Property insurance needs an overhaul says IBAA

Industry stakeholders discuss challenges facing property insurance industry at forum

At the Insurance Brokers Association of Alberta (IBAA) Property Insurance Forum in Edmonton on September 12, industry stakeholders came together to discuss the issues facing the industry–and many agreed that, as it is today, property insurance is unsustainable.

The forum featured 13 participants and 70 invited observers all areas of the P&C industry. The event achieved its primary goal of starting a discussion on these topics and voiced a general consensus that property coverage needs an overhaul, that it should remain within the private market, that it may provide consumers with flood protection, and that all stakeholders must take responsibility so that property coverage remain viable.

Read: Seeking property profitability in Alberta

Participants represented insurance companies (Aviva, Economical, Intact, Peace Hills, SGI, The Dominion, and Wawanesa), Insurance Brokers Association of Alberta, Canadian Independent Adjusters’ Association, Alberta Insurance Council, Insurance Bureau of Canada, Institute for Catastrophic Loss Reduction, and Alberta Finance.

Following some industry presentations, delegates launched into open discussion of affordability, availability, and sustainability of property insurance. Most agreed that property insurance needs to be changed for it to be sustainable. Disaster relief for property damage not covered by insurance increasingly stresses government coffers. While Alberta superintendent of insurance Mark Prefontaine admitted, “the government is concerned about what its seeing and what its hearing,” he emphatically stated, “I have no direction whatsoever, either explicit or implicit, that the government is interested in increasing its regulatory stance regarding property insurance.”

Read: Insurers have mixed opinions on viability of overland flood insurance

Property coverage is also increasing in risk for the insurance companies. Insurance Bureau of Canada vice-president (Western and Pacific Region) Bill Adams noted that the proposal from the Office of the Superintendent of Financial Institutions Canada (OSFI), the federal solvency regulator, for a 5%–20% increase in capital charge on insurers’ personal and commercial property exposure will inflate required capital reserves or reinsurance and thus inflate product cost. Further, he argued, actuaries are struggling to forecast cost accurately due to the gap between past, present, and probable future conditions.

Concern was voiced that property insurance premiums and deductibles have been underpriced for years, while the product has incurred minimal change. IBAA past president Dean Bailey cautioned that a perils-based underwriting approach, using postal code territories and other forms of risk mapping, is becoming more common and changing the original concept of insurance whereby the premiums of the many pay for the claims of the few.

Read: Cities at flood prevention crossroads

The changing risk environment affects availability and sustainability. The number of weather-related claims has surpassed other claim types in Canada, and extremely so in Alberta. Drawing on a study from the Institute for Catastrophic Loss Reduction, Adams noted, “in 2012 insured property losses in Alberta from severe weather represented 62% of the Canadian total. Over the 29-year period beginning in 1983, Alberta accounted for over 1/3 for the country’s insured losses from catastrophic weather events.”A mixture of increasing natural catastrophes, increasing residential home improvements leading to more costly claims, and increasing urban development that stresses current infrastructure has tipped the scale in frequency and cost of perils.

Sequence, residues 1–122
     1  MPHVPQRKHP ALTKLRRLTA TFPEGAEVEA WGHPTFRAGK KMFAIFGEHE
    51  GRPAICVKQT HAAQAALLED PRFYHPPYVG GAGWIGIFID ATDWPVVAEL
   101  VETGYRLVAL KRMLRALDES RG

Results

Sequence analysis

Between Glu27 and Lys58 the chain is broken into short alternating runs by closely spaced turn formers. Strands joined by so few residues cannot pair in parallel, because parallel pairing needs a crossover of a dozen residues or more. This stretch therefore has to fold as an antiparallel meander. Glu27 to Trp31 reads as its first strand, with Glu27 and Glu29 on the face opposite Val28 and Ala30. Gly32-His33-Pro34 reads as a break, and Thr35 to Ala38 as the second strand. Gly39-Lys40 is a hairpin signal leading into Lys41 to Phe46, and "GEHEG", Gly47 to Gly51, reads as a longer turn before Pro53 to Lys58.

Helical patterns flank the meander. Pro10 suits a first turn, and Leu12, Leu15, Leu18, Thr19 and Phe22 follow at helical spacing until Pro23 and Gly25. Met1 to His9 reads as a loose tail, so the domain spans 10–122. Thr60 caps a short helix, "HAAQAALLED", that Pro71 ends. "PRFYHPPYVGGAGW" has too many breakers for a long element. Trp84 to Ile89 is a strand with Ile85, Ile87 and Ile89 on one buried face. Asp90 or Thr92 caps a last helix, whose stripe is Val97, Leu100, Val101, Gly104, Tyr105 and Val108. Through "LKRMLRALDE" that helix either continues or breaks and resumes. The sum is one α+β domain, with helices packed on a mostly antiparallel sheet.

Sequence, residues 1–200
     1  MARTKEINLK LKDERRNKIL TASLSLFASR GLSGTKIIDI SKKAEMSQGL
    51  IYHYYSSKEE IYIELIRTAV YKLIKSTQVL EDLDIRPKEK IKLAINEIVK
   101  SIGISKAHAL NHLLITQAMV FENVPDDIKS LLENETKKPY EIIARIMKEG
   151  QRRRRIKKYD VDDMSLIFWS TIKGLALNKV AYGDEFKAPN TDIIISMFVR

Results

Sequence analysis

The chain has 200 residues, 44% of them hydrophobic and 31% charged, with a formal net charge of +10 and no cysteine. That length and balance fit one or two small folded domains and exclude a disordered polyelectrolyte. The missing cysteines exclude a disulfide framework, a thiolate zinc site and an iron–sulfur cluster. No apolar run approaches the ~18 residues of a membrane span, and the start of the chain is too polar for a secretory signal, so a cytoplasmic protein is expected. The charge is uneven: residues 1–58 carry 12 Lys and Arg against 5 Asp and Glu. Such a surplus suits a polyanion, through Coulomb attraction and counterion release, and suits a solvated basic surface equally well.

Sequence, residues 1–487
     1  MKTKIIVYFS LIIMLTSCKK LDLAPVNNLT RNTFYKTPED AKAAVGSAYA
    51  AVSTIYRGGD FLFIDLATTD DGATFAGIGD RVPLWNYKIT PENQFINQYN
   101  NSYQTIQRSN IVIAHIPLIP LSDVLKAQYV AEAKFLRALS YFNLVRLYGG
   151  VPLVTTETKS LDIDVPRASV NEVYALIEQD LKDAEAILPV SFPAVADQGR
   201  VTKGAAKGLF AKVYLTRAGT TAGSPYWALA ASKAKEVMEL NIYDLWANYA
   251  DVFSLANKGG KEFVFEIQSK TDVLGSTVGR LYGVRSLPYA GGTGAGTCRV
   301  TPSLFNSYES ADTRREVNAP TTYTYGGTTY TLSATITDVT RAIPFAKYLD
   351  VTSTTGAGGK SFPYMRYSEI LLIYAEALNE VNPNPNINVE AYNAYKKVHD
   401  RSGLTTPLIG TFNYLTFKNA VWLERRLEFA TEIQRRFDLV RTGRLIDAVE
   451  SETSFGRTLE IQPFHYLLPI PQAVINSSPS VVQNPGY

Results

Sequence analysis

Executive director Paul Kovacs, from the Institute for Catastrophic Loss Reduction, argued that the risk environment has changed: 35 years ago the three biggest costs were auto damage, fire damage, and property theft. These risks have declined. Kovacs statistically illustrated that “Sewer back up, wildfire, wind, hail, and other natural disasters have risen. In the last decade, we paid five times more for weather-related losses than for the other perils.” However, as IBAA President Gord Enders pointed out, “Canada is one of the three industrialized nations that does not include flood coverage.” This global inequity is one reason Albertans were confused and upset about their exclusion from overland flood coverage. Further confusion arises as commercial flood coverage can be purchased in Canada.

Read: Can overland flood ever become insurable in Canada?

Where does the industry go from here? Since these perils are likely to increase, many noted the importance of all stakeholders—consumers, government, industry (including insurers, brokers, direct writers, adjusters)—working together to reduce risk and develop affordable, sustainable products that address the current gaps and limitations.

Many stressed the importance of consumer education about insurance, its relationship to disaster relief, its long- and short-term costs (for individuals and for the economy), and current and future risk reduction measures that government and consumers can undertake to keep property products equitable, available, affordable, sustainable, transparent, and private, with minimal government regulation. Kovacs’ list of risk reduction measures ranged from government management of woodland underbrush to consumer use of risk-reducing building materials.

Many also emphasized the important role of brokers as intermediaries between consumers, insurance companies, and government in educating consumers and representing their views to industry and government. An urgent need was felt to act now, to take advantage of the 24-month window of public interest that follows a disaster.

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